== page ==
Buy concentrated products to reduce packaging

Filed in Reduce by on January 14, 2010 17 Comments
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buying concentrated products saves packagingI remember when I was a kid, the huge boxes of washing powder my Mother used to buy. They had a plastic handle and weighed loads; I don’t think I could lift them when I was little and there wasn’t any other choice – every brand had a huge box! There was a plastic measuring cup inside and heaps of that blue speckled powder went into the machine each time a load of laundry was washed.

I think the biggest size you can buy in most supermarkets now is just over 4kg and that lasts for 50 washes!

With laundry liquids I’m amazed to see how little we need nowadays; just a small cap full in most cases.

Things have come on a long way since I was a child sitting on that huge box of washing powder and I remember when concentrated products came onto the market. There were concentrated fabric conditioners, washing up liquid, laundry powders and laundry liquids which I never quite believed could work.

Now you can buy concentrated fruit juice too, which is great because you are not paying to transport water so it helps reduce emission costs and packaging. We buy a 400ml glass bottle of fruit juice concentrate which seems to last for months; you just keep diluting it and it never seems to go down! Squash was something else I remember getting through a lot of as a child – it started off pretty weak, so we got through a lot. Tesco now sell ‘double concentrate’ squash and are calling on the drinks industry to follow the laundry sector’s example and work together in moving to concentrates where possible and making the best use of packaging.

This week while browsing, I’ve seen concentrated Jeyes fluid, vitamin and mineral supplements, tomato puree and chicken stock! As long as you remember to actually REDUCE the amount of product you use, buying concentrated forms of products is a great way to save packaging.

What concentrated products have you bought recently?

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About the Author ()

I am a long time supporter of the Green and Sustainable lifestyle. After being caught in the Boscastle floods in 2004, our family begun a journey to respect and promote the importance of Earth's fragile ecosystem, that focussed on reducing waste. Inspired by the beauty and resourcefulness of this wonderful planet, I have published numerous magazine articles on green issues and the author of four books.

Comments (17)

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  1. I buy the concentrated squash, as with having the boys we get through gallons of the stuff.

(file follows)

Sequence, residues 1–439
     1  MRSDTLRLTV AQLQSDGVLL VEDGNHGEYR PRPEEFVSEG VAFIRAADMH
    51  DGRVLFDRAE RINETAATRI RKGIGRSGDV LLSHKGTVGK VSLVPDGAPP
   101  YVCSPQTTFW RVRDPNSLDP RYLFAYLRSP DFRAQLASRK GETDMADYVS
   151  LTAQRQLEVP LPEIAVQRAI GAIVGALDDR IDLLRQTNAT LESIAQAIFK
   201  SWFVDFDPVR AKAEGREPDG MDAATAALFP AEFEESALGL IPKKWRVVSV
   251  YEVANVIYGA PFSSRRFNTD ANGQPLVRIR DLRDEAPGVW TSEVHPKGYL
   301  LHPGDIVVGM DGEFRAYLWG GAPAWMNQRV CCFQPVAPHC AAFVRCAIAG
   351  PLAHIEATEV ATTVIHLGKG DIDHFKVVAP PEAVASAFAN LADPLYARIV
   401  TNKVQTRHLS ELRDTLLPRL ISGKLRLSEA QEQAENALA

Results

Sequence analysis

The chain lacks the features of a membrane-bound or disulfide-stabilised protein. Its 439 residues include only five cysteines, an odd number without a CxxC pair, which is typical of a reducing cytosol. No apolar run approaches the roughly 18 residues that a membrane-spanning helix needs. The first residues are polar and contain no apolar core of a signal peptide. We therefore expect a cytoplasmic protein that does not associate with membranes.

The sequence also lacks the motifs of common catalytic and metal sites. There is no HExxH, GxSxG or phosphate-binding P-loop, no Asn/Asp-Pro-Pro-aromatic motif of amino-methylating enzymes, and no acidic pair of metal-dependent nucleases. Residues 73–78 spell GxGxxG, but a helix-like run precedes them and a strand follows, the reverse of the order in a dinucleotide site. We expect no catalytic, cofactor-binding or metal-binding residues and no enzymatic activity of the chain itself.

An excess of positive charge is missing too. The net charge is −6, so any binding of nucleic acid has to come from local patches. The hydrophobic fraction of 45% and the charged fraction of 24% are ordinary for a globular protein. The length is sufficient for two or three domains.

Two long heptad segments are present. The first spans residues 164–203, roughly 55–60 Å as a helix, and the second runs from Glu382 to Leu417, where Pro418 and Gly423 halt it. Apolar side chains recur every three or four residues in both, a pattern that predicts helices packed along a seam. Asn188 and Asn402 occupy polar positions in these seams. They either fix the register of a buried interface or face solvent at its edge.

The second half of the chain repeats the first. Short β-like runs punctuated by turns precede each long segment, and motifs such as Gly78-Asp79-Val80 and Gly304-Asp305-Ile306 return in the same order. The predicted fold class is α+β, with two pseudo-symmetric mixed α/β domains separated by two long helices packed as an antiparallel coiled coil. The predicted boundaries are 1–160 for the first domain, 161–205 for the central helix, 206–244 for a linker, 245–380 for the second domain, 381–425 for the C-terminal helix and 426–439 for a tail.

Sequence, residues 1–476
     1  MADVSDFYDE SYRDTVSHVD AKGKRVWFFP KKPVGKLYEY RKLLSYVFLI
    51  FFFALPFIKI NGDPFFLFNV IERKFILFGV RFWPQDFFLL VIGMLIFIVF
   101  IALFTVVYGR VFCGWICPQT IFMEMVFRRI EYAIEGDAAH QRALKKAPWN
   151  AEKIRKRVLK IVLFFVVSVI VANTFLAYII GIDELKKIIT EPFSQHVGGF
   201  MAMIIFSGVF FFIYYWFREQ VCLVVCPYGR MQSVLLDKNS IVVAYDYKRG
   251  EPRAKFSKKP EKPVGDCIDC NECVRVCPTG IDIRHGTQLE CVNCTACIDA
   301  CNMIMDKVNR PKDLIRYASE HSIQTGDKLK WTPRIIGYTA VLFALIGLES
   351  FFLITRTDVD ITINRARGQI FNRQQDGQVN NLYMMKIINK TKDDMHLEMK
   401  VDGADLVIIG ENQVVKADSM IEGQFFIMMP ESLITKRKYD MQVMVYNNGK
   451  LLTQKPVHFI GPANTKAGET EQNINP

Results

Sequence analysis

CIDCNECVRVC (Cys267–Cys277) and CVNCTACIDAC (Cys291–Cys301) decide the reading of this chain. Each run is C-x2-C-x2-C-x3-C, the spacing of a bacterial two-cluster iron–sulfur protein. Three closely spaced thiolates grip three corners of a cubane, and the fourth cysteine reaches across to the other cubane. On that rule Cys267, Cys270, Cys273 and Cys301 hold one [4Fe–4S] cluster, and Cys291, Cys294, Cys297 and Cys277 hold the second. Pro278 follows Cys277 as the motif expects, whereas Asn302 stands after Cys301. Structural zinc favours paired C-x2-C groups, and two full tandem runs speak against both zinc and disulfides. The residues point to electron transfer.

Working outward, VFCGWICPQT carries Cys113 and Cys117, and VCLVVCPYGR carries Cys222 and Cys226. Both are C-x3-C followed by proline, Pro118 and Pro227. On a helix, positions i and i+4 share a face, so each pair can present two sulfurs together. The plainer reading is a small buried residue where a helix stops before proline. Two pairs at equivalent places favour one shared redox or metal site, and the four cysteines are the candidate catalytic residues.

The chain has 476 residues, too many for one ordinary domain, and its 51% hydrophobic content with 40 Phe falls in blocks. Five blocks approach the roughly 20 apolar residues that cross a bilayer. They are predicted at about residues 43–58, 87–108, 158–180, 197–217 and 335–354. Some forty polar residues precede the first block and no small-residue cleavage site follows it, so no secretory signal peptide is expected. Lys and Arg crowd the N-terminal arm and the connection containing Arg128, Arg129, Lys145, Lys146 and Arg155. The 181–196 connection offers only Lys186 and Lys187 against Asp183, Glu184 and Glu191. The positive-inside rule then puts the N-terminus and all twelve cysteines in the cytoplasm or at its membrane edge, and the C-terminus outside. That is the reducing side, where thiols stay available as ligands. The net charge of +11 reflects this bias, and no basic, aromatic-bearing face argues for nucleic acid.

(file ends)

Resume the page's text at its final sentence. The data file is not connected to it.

2. Ben says:

    The most concentrated products are probably dried ones. I bought a packet of dried ice tea concentrate last summer, which is still half full despite having made many jugs of ice tea. Sadly the plastic film packet can’t be recycled, but compared to all the plastic bottles I’d have consumed if I bought bottled ice tea, it seems quite small, perhaps even less mass than the non-recyclable caps I’d have ended up with anyway.

    I’ve also stopped buying canned beans and brought packets of dried ones, they need overnight soaking, but it’s amazing just how much you can get from one small packet. Fortunately, these packets say they can go in the plastic bag recycling at the supermarket. I’ve avoided a lot of cans and saved some money too.

    We used to buy fruit juice concentrate (way back in the early 90s), but that’s hard to find now. It’s a really obvious product to save packaging too, because almost all the fruit juice in cartons was condensed, shipped to the uk then the water put back in, so it works just as well if the end user does it at home with tap water. Saves on packaging, transport, energy intensive shop space, makes our groceries lighter, and it lasts longer in concentrate so might help reduce food waste too.

  3. Mrs Green says:

    @maisie dalziel: I find the concentrated juice to be great for making into squash.

    @Ben: how was the tea – did it taste good? Iced tea isn’t something that we drink. Good idea on the dried beans; you save heaps of money on the product; but what about the cooking time – how do you think the fuel compares cost wise? I guess you could cook up a batch and freeze them? I notice in Sainsburys the packaging from dried beans and pulses can be recycled with the carrier bags.

  4. Jane says:

    But are you using less? A half full bottle gets used with more care! Answer: don’t replace with a full bottle. Dad was convinced we used just as much concentrate and certainly more than necessary and would make the whole in the bottle smaller by stuffing a toothpick in it. Really irritating but it did make us think.

    A clearout unearthed a couple old washing up liquid bottles put aside tor making rockets or some such Blue Peter type project. They now look enormous compared to the new ones for sale.

  5. Ben says: